If you are wondering how you should categorize your expenses, here are some examples:
Accommodation may include stays in hotels, bed and breakfast, guest houses and rented accommodation.
Advertising and Promotion
The cost of promoting your business such as advertisements, websites, networking club memberships, and directory listings.
‘Normal’ (such as maintenance, wear and tear) expenses on cars that are an asset on the balance sheet are deductible.
Where expenses have been incurred that were unnecessary, for example, having alloy wheels fitted for aesthetic reasons, then this is not claimable. These ‘unnecessary’ expenses would be deemed as a benefit in kind for the employee.
Bank charges on company accounts are claimable.
Books and Journals
Trade magazines, periodicals and books relevant to the business are allowable.
Expenses that are considered to be business entertainment
- Provision of food and drink
- Provision of accommodation
- Theatre and concert tickets
- Sporting events and facilities
- Entrance to clubs and nightclubs
If the invoice for the cell phone is in the name of the business then it is a deductible expense, even where there has been a ‘reasonable' amount of personal calls made.
A gift of money made by a business to a charity may be claimed as an expense.
Cheap computer hardware, such as a keyboard or a mouse, can be claimed as an expense, but a new desktop or laptop should be filed as a capital expense.
Software is an allowable expense
Employee Benefits Insurance
Insurances that are for business purposes may be claimed. There are many policies available.
Interest Charges on Company Credit Cards and Bank Accounts is treated as an expense to the company.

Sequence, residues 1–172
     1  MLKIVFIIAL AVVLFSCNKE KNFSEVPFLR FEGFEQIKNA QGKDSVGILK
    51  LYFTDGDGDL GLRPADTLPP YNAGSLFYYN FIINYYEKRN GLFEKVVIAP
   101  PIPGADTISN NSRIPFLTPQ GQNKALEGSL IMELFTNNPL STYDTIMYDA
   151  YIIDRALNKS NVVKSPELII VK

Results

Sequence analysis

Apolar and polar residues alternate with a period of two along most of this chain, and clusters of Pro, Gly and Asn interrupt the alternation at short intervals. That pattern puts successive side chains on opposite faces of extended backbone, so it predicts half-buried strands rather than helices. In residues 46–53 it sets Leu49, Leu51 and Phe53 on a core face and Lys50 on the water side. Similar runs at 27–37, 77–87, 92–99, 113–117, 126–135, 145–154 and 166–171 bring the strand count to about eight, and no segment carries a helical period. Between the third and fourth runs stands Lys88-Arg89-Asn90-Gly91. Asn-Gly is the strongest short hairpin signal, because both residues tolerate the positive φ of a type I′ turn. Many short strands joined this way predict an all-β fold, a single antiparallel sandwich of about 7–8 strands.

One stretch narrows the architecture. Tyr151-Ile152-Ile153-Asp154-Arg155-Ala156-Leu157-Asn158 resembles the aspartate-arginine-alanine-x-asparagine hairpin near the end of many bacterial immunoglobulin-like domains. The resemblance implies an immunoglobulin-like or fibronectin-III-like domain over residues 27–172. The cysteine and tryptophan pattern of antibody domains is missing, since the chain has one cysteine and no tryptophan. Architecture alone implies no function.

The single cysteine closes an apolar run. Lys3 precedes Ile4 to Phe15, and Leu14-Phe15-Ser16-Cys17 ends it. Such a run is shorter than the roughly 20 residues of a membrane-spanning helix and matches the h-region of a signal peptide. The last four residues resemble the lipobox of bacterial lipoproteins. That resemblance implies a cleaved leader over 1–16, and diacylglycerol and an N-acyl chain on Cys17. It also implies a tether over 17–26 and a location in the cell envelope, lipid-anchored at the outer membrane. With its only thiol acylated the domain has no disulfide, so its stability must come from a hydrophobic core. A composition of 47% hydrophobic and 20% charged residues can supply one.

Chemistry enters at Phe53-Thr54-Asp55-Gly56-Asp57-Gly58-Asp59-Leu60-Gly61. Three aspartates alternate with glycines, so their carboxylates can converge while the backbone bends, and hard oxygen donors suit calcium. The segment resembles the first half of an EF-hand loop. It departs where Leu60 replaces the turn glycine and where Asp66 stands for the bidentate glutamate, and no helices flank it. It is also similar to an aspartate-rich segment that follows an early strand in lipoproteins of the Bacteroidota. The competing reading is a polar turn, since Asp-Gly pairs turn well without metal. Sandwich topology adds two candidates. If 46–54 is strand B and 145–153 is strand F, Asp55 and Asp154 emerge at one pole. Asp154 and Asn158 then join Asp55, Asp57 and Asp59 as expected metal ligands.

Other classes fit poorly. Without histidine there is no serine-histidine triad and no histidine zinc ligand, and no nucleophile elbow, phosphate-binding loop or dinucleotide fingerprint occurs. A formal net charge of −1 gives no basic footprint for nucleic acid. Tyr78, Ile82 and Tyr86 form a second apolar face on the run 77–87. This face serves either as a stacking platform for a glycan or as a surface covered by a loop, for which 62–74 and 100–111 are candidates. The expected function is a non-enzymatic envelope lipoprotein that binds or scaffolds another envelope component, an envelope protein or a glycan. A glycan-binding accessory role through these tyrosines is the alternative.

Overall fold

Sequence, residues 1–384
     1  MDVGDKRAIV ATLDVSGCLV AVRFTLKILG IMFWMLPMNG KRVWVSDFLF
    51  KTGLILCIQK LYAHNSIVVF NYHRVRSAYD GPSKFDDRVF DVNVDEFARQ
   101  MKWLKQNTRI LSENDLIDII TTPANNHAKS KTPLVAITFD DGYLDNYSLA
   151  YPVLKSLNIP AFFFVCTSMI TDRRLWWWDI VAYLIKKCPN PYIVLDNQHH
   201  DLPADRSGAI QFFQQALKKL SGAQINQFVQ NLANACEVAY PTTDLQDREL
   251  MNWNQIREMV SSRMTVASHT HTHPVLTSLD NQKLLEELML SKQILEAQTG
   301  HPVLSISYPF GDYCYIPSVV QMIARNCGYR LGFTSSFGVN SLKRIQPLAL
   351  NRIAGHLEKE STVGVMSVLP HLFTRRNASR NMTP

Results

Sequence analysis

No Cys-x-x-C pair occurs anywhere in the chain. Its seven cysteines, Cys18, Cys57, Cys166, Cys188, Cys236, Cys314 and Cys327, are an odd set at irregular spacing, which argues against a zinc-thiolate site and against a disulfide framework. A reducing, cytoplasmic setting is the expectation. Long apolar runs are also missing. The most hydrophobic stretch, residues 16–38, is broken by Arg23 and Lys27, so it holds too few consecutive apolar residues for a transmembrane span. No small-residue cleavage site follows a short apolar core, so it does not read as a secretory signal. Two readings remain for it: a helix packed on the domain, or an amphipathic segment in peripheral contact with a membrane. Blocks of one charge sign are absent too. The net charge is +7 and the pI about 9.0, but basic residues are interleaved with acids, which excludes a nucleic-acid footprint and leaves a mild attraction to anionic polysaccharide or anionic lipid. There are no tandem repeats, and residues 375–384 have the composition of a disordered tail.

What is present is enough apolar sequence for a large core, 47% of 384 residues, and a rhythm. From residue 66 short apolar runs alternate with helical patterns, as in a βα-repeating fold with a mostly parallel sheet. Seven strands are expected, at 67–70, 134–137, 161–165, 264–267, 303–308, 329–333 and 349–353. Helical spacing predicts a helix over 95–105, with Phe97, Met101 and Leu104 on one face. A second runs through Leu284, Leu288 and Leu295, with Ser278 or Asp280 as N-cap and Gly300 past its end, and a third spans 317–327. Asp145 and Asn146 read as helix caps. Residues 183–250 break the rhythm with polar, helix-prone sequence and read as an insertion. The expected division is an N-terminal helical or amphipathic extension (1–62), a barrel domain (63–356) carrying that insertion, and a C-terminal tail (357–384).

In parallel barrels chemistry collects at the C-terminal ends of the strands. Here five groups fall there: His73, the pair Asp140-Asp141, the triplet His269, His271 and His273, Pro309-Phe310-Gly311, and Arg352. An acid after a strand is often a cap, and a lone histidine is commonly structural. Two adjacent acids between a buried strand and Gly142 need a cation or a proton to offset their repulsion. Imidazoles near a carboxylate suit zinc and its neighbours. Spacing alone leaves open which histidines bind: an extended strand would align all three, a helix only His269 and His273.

Internet & Telephone
If the invoice is made to the business, then often the whole expense is deductible.
If a only a proportion of usage is attributable to business then a suitable proportion of the expense may be allowable.
Legal and Professional Fees
Legal costs incurred for solely business purposes.
Licenses and Permits
Subsistence expenses are those paid for lunches and evening meals. There are often certain conditions that have to be met to make them allowable expenses.
Miscellaneous is a category used to describe anything that won't fit easily into another category. It should be be sparingly as it's preferable to categorise expenses into one of the other recognised categories.
If the business rents an office then the costs, and associated costs incurred in making the rental, may be claimed.
Cheaper office equipment may be claimed as an example
Other Computer Costs
Repairs, maintenance, support contracts and upgrades can be treated as an expense.
Company paid pension contributions for the benefit of an employee or director.
Printing of letterheads, brochures, business cards and proposals can all be accounted for as expenses.
Including costs of Christmas parties or other staff events.
Training courses that are relevant to the business are allowable. If a person who is in the business of IT consultancy has undertaken a course in plumbing, then the expense is not allowable.
If that person did become a plumber and started a new business or changed the current business’ trading category to that of a plumber, then the cost of the plumbing course may be allowable as a set up expense.
Includes general office supplies such paper for printing, pens, envelopes etc
Fees paid to professional corporations relevant to the trade of the business organisation.
Travel expenses may include:
- Gas (in total where the company has a company car)
- Public transport
- Motorcycle mileage
- Bicycle mileage
- Air fares
Use Of Home
Where a worker uses part of their home for business, a proportion of the house cost based on the space used for the business and the hours it is used for business.
Web Hosting expenses are allowable if they are for the exclusive use of a business website
Cost of Sales
Commission payable to a person or company who had assisted in the finding of a contract for a company.
Cost of Sales
Any purchases made in order for a sale to have happened, such as an item that is resold.
Materials purchased for the business
The costs of another parties contribution to the sale
This guide was put together with the help of BFCA Limited Chartered Accountants and Tax Advisers, and is copy and pasted from Free Agent.